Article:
IF this Irish summer was a Broadway play, it would have been over months ago.
It might have earned reviews like this:
“A dismal flop” New York Times.
“A poor imitation of previous productions” Washington Post
“A bitter disappointment” New Yorker.
But because of the way the world works, we have been stuck with this dismal excuse for a warm season since the last time we had three good days in a row, sometime back in May.
So roll on winter.
Winter never lets you down. It delivers exactly what it promises. It is reliable.
It will be in about eight weeks time, I would guess, that we will see the first television ads mentioning Christmas.
There are a couple of department stores in Dublin which will, to my certain knowledge, open their Christmas shops around the same time.
Shortly after, you will begin to hear the Christmas tunes playing in your local supermarket.
Then Santa will arrive at some shopping mall.
The hour will go back.
And winter will be here.
Of course, winter brings with it, rain, cold, wind and darkness. A bit like the summer we’re having.
But winter also brings with it blazing fires in pubs and homes, hot soup, stews and casseroles, cosy nights in with the curtains drawn and the expectation of Christmas not far away.
One of the great pleasures of winter, is going home. Whether you’re going home from work, or shopping or visiting, the pleasure is the same.
The warmth of a house or an apartment after a cold day is a welcome you don’t get in summer.
If you are fool enough, as I have been for years, to stand on the side of some sports arena watching people battle, not just each other, but the elements, you will know the joy and pleasure of that pint in the bar afterwards and the warmth of your own home when you get there.
And isn’t it a wonderful, if selfish, feeling, to lie in bed, with the rain spattering the window and the covers over your head, knowing that somewhere, someone is out there trying desperately to get a taxi to bring them home?
(Don’t worry about the selfishness of it. When that person eventually gets home and under the covers, he or she will feel exactly the same way.)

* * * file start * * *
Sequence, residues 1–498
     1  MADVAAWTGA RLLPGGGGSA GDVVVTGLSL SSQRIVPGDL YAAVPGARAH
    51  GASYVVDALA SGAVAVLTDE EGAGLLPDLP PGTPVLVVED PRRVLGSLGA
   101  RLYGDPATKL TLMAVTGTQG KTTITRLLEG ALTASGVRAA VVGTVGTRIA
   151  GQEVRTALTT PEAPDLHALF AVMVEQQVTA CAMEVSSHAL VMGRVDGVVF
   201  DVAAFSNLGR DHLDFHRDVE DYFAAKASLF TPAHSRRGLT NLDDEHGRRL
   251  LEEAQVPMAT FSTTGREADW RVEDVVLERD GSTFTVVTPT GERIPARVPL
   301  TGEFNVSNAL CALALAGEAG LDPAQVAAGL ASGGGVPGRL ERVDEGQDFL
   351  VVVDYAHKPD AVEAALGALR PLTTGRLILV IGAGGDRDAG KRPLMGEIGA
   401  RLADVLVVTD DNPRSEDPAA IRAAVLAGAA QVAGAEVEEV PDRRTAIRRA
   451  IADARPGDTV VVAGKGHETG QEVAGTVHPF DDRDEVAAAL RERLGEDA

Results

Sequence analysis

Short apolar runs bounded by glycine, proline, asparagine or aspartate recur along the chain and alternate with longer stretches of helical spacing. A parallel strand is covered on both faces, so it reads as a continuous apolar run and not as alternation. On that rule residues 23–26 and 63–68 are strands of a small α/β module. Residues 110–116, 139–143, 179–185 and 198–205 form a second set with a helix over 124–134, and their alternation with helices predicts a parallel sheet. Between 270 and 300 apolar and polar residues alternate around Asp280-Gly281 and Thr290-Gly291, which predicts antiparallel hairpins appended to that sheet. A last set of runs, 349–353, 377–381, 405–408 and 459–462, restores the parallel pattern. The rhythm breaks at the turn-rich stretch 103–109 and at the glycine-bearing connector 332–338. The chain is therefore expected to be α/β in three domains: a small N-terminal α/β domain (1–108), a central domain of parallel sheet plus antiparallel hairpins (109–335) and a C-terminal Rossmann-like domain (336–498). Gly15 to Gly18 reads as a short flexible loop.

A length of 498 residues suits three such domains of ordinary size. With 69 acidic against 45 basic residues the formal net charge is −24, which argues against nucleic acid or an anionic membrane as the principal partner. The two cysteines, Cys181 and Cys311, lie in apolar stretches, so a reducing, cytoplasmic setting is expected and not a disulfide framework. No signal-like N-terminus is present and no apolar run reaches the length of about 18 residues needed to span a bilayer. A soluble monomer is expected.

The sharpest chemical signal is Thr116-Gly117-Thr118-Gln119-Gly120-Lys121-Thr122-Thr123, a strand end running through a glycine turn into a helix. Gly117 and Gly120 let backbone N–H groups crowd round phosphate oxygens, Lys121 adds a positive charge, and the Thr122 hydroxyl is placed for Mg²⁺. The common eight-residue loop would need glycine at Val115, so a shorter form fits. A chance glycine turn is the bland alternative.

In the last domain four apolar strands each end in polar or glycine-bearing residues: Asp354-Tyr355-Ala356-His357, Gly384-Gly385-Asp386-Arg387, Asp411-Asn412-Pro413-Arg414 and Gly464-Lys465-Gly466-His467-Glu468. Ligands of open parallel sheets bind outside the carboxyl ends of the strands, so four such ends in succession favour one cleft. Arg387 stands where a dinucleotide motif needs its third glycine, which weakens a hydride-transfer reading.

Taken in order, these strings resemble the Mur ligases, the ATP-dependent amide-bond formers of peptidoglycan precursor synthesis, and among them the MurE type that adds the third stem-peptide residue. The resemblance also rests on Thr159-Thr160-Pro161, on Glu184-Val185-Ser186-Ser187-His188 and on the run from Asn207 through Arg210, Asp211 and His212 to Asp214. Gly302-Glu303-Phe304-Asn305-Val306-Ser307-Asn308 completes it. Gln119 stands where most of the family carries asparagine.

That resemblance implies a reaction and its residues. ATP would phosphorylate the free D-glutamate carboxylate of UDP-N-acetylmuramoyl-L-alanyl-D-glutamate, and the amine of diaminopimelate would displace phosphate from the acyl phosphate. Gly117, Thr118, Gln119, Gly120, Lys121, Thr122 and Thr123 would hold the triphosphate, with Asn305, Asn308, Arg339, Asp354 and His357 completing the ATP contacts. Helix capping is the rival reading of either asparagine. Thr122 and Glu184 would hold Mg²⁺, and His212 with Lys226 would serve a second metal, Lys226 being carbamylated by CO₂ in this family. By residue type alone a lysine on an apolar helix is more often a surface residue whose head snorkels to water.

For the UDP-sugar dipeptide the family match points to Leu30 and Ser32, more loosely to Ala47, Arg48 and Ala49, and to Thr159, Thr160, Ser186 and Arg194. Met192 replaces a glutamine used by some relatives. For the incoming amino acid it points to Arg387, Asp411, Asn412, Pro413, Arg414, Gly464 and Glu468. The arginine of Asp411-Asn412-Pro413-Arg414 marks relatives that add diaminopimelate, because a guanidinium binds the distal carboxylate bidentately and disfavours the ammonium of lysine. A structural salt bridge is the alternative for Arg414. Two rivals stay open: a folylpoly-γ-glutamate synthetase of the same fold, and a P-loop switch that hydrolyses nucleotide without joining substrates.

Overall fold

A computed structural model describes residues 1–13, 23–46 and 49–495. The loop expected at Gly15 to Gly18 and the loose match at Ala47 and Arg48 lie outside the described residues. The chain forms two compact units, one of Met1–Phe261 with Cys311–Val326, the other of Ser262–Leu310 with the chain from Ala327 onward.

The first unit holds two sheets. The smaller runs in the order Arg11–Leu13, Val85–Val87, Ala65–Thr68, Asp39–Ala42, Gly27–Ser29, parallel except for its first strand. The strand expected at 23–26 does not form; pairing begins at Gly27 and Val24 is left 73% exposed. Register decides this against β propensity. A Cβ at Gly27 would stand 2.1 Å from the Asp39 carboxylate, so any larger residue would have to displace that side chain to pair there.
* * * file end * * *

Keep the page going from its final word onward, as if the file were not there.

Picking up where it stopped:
Winter doesn’t have flies in the garden, those hideous midges, wasps and flying ants.
It doesn’t have people who shouldn’t be baring too much flesh, dressed in far too little far too often.
It doesn’t have all that grass mowing, hedge cutting and weeding.
It doesn’t have burned sausages, raw steaks and the runny eyes that come with barbecues.
Oh, you might say there are bad things in winter and of course there are.
But if you embrace winter, it will embrace you back.
For example, if you go to work in the dark and return home in the dark, you will know that the only real light, is that which you see shining from your home at the end of the day.
Even those who live alone, have the comfort of knowing that, in winter, television schedules greatly improve as the dross and repeats of summer are left behind for another year.
To cap it all, there is Christmas.
Christmas carols, Christmas decorations, Christmas trees, Christmas presents. Children.
Christmas and winter go hand in hand.
And Christmas is the time we most mention peace, even if most people do nothing about it.
And it's a time when we are, or should be, more acutely aware of the plight of the poor and the homeless and the disadvantaged.
Winter, in its own way, is warm and friendly and caring.
Another few weeks to go, and it will begin its slow arrival.
It won’t let you down.